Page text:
June 21, 2014

Crowwood

I want to try out an initial setting for a novel by first running it through a DnD campaign. Certain friends of mine may have some deja vu.

CROWWOOD

Crowwood is filled with many, many people. Originally, only adventurers and traders passed through, but over time families, nobility, and merchants began to settle. The town began to grow, and now it serves as a hub for smaller cities around the continent due to its size and central location on North Lanbriar (link to continent). The town is circular, with three sectors centering around a sprawling marketplace and castle.

The western sector of the town is called Oakwing. It is the smallest sector, by far, and only noble families can afford to live here. Large homes and sprawling estates populate the area. A family's wealth is often judged by the size of their land in Oakwing. Each home tends to be architecturally different -- beautiful, and most importantly, expensive. The nights are quiet and the streets are clean. The king has a guest home in this district, though he lives in the central castle.

The southern and largest of the three sectors is is Ashefort. The name comes from a defensive fort that stood in the area when the town was in it's infancy. Fort Mason was hardly necessary at the time, as no town in Crowwood's vicinity had much interest in invading the small, rather poor town. Nevertheless, Fort Mason stood at the entryway of the town before it's borders had expanded. One day, the fort was fell under siege by a group of goblins. It was no great trouble defeating them (thought there were a few casualties). As luck would have it, a dragon happened to be hunting said goblins and showed up soon after the raid. The dragon burned the entire town to the ground. Fort Mason -- nicknamed Ashefort -- is all that is left of the old town. The rest was rebuilt and expanded, but the fort remained out of respect for the dead and, admittedly, because of the townsfolk's superstition. It is rumored the dragon still lives nearby.

This is the middle class district. The merchants who are prosperous enough to afford housing as opposed to living in their shops reside here. Families and adventurers with enough gold to own homes also have homes here. Houses are small in this district, save for a few plots of land owned by prosperous merchants who will never make enough to move to Oakwing. A few other large properties are owned by people who others speculate to be thieves... though this is only gossip and such accusations have never been proven. There are also a few low class homes on the outskirts of town as well as wandering homeless. Regardless of this fact, the residents consider the streets fairly safe.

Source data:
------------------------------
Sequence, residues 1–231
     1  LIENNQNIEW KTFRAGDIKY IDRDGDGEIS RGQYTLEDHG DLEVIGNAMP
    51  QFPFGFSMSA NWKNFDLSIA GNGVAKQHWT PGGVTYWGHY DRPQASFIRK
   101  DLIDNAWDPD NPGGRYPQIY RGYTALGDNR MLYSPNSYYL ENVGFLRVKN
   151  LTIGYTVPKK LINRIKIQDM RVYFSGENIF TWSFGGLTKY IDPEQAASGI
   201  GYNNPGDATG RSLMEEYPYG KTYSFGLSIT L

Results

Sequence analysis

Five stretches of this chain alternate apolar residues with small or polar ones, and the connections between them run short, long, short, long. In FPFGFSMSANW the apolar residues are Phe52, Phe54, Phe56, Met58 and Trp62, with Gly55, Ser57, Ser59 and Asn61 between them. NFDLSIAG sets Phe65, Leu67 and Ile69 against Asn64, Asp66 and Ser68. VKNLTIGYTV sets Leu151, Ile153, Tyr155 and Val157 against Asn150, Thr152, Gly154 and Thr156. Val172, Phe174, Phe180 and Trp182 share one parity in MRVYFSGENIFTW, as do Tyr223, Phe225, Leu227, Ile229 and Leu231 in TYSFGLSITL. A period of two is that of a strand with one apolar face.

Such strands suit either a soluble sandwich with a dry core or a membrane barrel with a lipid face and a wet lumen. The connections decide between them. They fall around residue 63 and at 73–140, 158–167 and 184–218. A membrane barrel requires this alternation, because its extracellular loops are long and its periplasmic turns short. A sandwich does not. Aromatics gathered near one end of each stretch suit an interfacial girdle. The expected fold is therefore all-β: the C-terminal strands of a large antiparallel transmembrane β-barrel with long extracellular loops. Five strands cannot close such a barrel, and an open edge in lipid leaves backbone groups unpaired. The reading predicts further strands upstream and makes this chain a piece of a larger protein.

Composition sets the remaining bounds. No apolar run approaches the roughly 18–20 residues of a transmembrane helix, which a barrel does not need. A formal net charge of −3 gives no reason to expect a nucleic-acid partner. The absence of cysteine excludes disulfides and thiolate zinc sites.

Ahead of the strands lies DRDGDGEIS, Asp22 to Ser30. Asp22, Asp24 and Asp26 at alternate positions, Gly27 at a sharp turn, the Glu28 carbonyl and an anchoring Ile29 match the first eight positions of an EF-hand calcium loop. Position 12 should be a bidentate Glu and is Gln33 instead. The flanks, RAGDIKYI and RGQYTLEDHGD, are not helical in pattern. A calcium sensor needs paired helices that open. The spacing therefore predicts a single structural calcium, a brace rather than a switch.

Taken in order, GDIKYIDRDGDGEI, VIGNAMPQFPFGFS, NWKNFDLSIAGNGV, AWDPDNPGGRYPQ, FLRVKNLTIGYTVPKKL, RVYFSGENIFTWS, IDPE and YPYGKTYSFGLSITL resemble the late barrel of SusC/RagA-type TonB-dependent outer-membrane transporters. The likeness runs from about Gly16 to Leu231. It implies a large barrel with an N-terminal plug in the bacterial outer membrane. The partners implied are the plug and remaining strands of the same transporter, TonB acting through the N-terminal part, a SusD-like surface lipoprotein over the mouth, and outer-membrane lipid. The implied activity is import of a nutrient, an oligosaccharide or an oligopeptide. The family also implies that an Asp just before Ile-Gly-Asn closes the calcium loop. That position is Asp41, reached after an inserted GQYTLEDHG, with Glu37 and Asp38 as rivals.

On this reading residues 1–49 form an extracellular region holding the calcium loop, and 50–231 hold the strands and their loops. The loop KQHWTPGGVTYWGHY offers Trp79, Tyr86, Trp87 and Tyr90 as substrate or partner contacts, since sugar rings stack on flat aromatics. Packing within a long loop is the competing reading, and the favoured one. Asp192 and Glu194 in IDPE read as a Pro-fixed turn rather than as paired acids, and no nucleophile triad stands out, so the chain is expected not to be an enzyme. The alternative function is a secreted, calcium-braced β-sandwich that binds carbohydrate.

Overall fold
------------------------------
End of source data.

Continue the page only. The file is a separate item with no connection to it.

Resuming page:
The easternmost and aptly-named East Wing is the meat of Crowwood. All political and social events take place in this district. There is an opera house, a court house, large buildings to host galas, and other buildings to keep patrons entertained. For the less wealthy, there are accommodations such as the arena, a large closed off dome where fighters with inflated egoes fight to the death. This is often seen as commoner entertainment.

There are also several inns and pubs in the area with various pricing. Most are rather accommodating because the constant influx of people have brought owners of these establishments a good deal of wealth.

There are several other places of interest here as well. Most importantly is the Adventurers guild through which groups of people accept contracts and get paid through a third party to avoid both issues with payment and identity. There is also an academy for the study of magic that is home to mages and scribes alike. There are two temples: one for each set of gods, the "wild" and the "civilized." Most choose one set to pay tribute to, but some honor them all. Some honor none. There is also a jail to house those who break the city's laws.

Unofficially, there are rumored groups about... Underground mafias and groups of thieves and assassins for hire. No one has ever found proof of their existence.

Finally, there is the center of town. In the northern half there is a large castle. The king of North Lanbriar lives here unless he is on duty elsewhere. It is constructed of stone and shines ivory white in the sun. There are several small towers on each corner that house living quarters for guards and servants. Over the top of the large entrance doors hangs a large, rounded balcony that looks over the courtyard below. When the king was to speak in public, the townsfolk would gather around to hear his words. During festivals and special occasions, colored cloth would hang from the balcony.

The sprawling estate is only overshadowed by a clock standing tall in the center of the sector. The clock never failed. Children joked that the clock tower was run by a wizard who could use it to control time. This, their elders told them, was assuredly not true. It did not stop the children from joking and daring each other to climb the steps up to the top.

The southern half of the central sector is a densely packed marketplace. Many patrons sell bobbles from many different lands -- both real and fake -- and are willing to sell to anyone with gold in their pockets. Some shops are full buildings, often with two stories -- the lower floor  for sales and merchandise, and the upper floor for the owners to live. Many more shops are simply booths set up haphazardly. These shops sell cheap goods that are generally unwanted, but anywhere can have something that attracts the Adventurer's eye.

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